Annotation: Elizabeth Barnes’ “Politics of Sympathy” (1997)

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This is an annotation for a paper I am currently writing on Martha Meredith Read’s Margaretta. See my prospectus here.

Barnes, Elizabeth. “Politics of Sympathy.” States of Sympathy: Seduction and Democracy in the American Novel. New York: Columbia University Press, 1997. 1-18. Print.

In the “Preface” to States of Sympathy Barnes claims that her goal in this book is to explore “not Europe’s dreams about America but America’s dreams about itself” (ix). By examining the intersections between “sociopolitical discourses” and “popular literary themes” of the early republic, she asserts that what concerned writers of the period was the very process of “imagination” (ix). For her, “[s]ympathetic identification—the act of imagining oneself in another’s position” became the means for individuals to recognize the “interdependence between their own and others’ identities” necessary for establishing a coherent national identity (ix). She elaborates on this notion of sympathetic identification in her chapter on the “Politics of Sympathy.” In order for sympathetic discourse to be effective, Barnes argues that there must be a connection, a sense of “familiarity” evoked through texts and felt by the reader (2). As a result, many political and literary discourses of the time were built around the concept of “family,” converging private domestic issues with public concerns (2). Ultimately, it is this appeal to sympathy through familial bonds that, Barnes suggests, provides the foundation for democracy. One of the most provocative claims she presents in this chapter involves her explanation for the prevalence of themes of incest and seduction in early American novels. Unlike, scholars such as Anne Dalke, who treat these themes as evidence of social unrest and public anxieties about dissolving class boundaries, Barnes argues that “incest and seduction represent the logical outcome of American culture’s most cherished ideals” (3). In a nation where sympathetic bonds are stressed and boundaries between “familial and social ties” are collapsed, “incest and seduction become the unspoken champions of a sentimental politics designed to make familial feeling the precondition for inclusion in the public community” (3). This account for the overwhelming interest in incest and seduction in early American novels will compel me to reexamine my own analysis of how these themes function in Margaretta. Barnes’ conception of the central role of women in the formation of a “national sensibility” will also help me develop my argument on Read’s eponymous heroine and her effort to construct a coherent American national identity (13).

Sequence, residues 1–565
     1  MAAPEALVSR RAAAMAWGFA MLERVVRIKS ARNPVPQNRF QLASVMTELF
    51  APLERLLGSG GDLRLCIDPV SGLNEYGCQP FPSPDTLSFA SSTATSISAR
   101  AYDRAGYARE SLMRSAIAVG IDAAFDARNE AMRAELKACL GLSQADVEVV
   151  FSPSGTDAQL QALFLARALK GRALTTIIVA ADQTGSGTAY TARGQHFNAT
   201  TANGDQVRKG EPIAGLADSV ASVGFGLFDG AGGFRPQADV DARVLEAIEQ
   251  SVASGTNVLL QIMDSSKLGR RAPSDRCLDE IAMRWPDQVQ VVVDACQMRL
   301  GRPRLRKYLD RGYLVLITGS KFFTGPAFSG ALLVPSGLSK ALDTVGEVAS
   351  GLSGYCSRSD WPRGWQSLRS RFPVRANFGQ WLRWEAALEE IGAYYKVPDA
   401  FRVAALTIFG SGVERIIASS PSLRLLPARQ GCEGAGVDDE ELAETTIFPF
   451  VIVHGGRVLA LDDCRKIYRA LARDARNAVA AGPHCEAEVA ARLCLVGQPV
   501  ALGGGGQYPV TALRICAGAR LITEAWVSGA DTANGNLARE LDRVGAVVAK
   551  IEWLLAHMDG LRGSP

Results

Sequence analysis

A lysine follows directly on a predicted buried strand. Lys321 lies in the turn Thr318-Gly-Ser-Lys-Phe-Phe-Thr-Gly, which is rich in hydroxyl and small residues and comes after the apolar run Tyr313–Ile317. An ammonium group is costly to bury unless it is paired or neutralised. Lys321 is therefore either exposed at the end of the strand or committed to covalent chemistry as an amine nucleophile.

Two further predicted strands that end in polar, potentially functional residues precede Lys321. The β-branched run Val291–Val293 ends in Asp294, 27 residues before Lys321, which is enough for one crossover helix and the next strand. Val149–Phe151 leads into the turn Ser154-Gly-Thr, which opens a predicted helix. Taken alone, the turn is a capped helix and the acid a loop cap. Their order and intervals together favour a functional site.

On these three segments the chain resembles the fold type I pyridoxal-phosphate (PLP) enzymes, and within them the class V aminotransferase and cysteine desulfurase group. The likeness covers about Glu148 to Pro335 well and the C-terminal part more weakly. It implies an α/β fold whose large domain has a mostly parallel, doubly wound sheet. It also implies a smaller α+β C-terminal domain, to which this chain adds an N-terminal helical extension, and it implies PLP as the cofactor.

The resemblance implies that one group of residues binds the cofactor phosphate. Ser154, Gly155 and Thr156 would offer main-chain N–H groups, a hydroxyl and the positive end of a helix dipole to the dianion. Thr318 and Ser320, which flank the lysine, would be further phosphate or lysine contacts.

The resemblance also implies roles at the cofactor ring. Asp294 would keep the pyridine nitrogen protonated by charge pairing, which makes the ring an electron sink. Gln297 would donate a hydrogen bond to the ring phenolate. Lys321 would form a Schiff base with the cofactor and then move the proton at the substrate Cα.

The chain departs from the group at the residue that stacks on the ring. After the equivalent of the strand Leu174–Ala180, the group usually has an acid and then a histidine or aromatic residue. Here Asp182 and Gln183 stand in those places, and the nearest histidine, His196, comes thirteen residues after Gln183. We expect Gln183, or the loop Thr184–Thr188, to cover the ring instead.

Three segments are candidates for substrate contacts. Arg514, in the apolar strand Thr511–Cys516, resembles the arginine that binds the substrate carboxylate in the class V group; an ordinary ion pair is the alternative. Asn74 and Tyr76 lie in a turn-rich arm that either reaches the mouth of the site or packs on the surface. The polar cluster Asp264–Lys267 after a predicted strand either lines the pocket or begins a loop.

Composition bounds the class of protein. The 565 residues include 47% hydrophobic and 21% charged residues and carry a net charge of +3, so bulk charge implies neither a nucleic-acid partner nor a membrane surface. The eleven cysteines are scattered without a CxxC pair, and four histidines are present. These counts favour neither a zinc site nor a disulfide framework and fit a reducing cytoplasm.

Abstract: Gish Jen’s The Love Wife (2005)

This is the abstract for a paper I recently presented at the National Conference on Undergraduate Research in Missoula, Montana.

Reemerging Histories: Destabilizing Normative Models of Kinship, Identity and Nationality in Gish Jen’s The Love Wife

Family and identity are consistently linked to a conception of nationality—one that emphasizes the importance of cultural and biological ties as rooted in particular locales. However, as globalization facilitates the blurring of bodies and boundaries, the resulting changes suggest a need to re-conceptualize figurations of kinship and the self. This paper examines how Jen’s The Love Wife (2005) destabilizes normative constructions of family, identity and nationality, ushering in new modes for negotiating operant transnational dimensions. Her portrayal of Blondie and Carnegie’s family exemplifies American diversity through the interracial marriage of a Caucasian female and Chinese-American male, a union further complicated by the couple’s adopted and biological children. But rather than painting an idealized portrait of the “new” American family, Jen presents readers with a model of multiculturalism in crisis, illustrating how repressed histories contest current kinship practices. I argue that these reemerging histories create a rupture in the family that transforms it from a private to transnational space, opening a discourse between cultures that allows for a reexamination of kinship and identity across national boundaries. Therefore, as Jen exposes the flaws in this “multicultural” family, rending it apart and reconstructing it in a globalized context, she not only alters our understanding of kinship and identity, but also re-imagines America. By perceiving family and nation from a transnational framework, where complex histories intersect and overlap, where racial and ethnic differences are acknowledged rather than repressed, it becomes possible to create new models for self and national identification. Ultimately, through my analysis of The Love Wife, I will demonstrate how Jen transforms our understanding of “ethnic” narratives as merely localized texts, compelling them to be recognized as part of an American literature that is, at its heart, fundamentally global.

Works Consulted:

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